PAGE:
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I have got to the point when I start to wish I worked in a more impressionistic style - despite the weeks of work, there still seems to be so much to do!

I begin by returning to the main figure and initially concentrate on the horse's legs. Contrary to popular belief, medieval warhorses where not massive Shires. They did have to be strong enough to carry a man in armour - and perhaps wear armour themselves - but they also had to be manoeverable. I have therefore decided to make the Grand Bastard's mount reasonably stocky, with a muscular neck and slightly 'feathered' legs.

Moving up, I spend some time on the rider's legs before working on the horses head. As with any painting of a living creature, it is the eye that makes it appear alive - in this case it is looking a little alarmed, perhaps excited, but certainly animated.

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It is almost impossible to keep track of all the areas I work on, refining and adding detail - and I'm sure it would be rather boring to read about every brushstroke - but you will hopefully get some idea of how the painting progresses from the pictures.

The mounted squire has received some attention, and is now nearing completion. I have tried to make his violet caparison look more like velvet, which reacts in unusual ways depending on the direction of the pile. I have shown quite a lot of reflected light in the shadow areas, which keeps it looking bright and sunny. Like the central horse, this one is also very animated, something that I hope keeps the painting look alive.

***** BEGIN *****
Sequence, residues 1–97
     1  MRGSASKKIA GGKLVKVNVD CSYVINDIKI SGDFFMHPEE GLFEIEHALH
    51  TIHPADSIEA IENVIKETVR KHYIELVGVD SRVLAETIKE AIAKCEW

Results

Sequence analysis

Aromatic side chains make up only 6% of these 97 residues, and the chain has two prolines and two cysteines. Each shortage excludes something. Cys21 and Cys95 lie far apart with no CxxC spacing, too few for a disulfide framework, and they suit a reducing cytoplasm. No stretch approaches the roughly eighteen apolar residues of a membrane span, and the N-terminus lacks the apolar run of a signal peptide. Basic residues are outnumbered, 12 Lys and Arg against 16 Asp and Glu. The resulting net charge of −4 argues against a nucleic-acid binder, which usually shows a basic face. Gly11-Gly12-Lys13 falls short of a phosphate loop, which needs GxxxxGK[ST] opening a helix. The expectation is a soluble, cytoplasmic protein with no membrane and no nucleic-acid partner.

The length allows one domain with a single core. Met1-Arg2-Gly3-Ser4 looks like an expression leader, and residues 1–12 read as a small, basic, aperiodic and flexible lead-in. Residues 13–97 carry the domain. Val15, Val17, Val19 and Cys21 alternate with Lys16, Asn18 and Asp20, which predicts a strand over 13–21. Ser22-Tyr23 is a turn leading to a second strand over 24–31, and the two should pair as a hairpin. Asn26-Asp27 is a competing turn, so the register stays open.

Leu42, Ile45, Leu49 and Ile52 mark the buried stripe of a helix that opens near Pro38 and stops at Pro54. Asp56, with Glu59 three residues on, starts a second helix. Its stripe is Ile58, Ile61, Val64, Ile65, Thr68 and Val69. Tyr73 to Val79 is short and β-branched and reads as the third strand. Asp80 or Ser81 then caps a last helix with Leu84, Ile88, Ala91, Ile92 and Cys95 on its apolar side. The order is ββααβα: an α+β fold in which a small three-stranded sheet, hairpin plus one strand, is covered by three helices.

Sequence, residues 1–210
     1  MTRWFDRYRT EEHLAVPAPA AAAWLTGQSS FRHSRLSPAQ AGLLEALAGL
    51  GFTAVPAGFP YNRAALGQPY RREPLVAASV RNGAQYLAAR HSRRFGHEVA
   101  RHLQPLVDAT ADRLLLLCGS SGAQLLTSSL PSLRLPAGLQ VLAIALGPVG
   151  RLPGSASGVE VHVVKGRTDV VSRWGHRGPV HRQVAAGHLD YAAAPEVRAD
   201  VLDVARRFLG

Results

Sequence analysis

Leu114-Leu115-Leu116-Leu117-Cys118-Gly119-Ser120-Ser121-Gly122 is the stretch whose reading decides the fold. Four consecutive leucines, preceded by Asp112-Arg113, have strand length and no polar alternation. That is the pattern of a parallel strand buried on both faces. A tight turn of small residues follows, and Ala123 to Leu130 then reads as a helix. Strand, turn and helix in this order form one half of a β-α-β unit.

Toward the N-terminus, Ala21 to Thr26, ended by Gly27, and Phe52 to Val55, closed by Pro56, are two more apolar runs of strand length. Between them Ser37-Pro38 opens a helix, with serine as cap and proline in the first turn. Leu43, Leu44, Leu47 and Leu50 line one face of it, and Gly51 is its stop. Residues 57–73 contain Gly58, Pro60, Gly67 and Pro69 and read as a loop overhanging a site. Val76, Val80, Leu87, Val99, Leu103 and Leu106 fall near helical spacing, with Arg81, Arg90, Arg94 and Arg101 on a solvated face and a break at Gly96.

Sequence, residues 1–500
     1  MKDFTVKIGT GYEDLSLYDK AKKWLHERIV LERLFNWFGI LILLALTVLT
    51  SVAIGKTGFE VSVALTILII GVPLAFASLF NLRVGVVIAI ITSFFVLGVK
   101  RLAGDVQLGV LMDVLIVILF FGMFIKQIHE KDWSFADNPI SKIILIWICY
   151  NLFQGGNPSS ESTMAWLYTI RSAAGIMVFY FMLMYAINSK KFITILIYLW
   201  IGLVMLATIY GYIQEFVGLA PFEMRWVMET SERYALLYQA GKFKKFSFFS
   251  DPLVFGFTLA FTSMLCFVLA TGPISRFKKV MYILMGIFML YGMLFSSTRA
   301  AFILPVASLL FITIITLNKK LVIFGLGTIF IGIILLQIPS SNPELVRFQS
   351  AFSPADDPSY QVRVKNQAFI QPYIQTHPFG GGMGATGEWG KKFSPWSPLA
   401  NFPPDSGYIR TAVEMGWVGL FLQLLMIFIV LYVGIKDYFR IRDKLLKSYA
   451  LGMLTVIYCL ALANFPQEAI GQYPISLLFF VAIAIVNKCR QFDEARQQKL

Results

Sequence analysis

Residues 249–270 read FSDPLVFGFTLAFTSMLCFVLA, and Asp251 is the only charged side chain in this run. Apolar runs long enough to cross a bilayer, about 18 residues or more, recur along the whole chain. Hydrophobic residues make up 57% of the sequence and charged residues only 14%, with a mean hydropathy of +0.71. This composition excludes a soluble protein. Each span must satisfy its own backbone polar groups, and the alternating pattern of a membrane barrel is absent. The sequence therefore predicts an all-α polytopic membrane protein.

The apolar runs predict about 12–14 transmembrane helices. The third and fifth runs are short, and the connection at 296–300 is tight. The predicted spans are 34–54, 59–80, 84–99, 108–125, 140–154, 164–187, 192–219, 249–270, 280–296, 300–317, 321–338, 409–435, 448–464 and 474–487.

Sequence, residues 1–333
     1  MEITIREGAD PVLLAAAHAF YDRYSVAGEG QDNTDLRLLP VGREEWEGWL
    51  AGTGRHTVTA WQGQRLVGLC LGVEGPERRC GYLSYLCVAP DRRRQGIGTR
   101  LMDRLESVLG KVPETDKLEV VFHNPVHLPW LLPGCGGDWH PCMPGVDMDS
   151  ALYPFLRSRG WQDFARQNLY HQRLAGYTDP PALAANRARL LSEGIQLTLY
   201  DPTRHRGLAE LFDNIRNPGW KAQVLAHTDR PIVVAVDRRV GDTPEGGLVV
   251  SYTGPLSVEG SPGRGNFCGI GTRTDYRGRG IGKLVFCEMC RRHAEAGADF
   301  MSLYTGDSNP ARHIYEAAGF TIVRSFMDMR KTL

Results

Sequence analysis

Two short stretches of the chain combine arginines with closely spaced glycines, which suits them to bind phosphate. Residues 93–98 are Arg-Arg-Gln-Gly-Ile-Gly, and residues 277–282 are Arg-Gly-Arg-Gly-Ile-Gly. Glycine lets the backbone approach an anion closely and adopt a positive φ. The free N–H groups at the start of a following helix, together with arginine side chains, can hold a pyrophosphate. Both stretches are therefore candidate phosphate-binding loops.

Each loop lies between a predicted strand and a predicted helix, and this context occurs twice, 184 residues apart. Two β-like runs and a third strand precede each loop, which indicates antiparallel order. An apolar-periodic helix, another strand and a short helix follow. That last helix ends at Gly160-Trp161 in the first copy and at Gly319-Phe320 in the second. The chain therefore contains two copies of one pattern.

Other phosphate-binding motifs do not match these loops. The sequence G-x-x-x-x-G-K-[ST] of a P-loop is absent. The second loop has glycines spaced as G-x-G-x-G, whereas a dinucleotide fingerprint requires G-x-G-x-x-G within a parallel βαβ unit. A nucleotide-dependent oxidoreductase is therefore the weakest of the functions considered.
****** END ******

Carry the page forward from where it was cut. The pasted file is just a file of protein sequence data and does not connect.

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I have also adjusted the height of the trumpeter on the left and painted the 'Bastards' arms on the trumpet banner. De la Marche describes the trumpeters as wearing red jackets, with the golden tree embroidered on their chests - something I would have liked to show but which is sadly hidden by the figure's pose. Amongst the other details I have added are the blue lion on the banner fluttering into the composition on the left (the Arms of Bruges), and the beginnings of some spectators in the large window of the Market Hall. The brickwork now also has some texture, like the buildings in the background.

I am on course to finish the painting next week, so I hope you will log-on to see how it finally turns out. We will be publishing it as a print later this year, after I have allowed a few weeks to 'live' with the painting and make quite sure I'm completely happy with it.

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Graham Turner's jousting career has progressed a long way from the start he made whilst writing this Painting Diary in 2004, and he has now jousted at venues such as the Tower of London, the Royal Armouries Museum, and the Historisches Museum in Bern. The incredible experiences he has gained riding and competing in full plate armour at this high level have had a profound influence on his life and work, and you can find out more about Graham's jousting and his armour by CLICKING HERE

A large range of prints and cards reproduced from Graham Turner's medieval paintings are available from Studio 88, and full details of these, plus all Graham Turner's currently available originals, can be found on our website.

CLICK HERE to be taken to the relevant section of the site.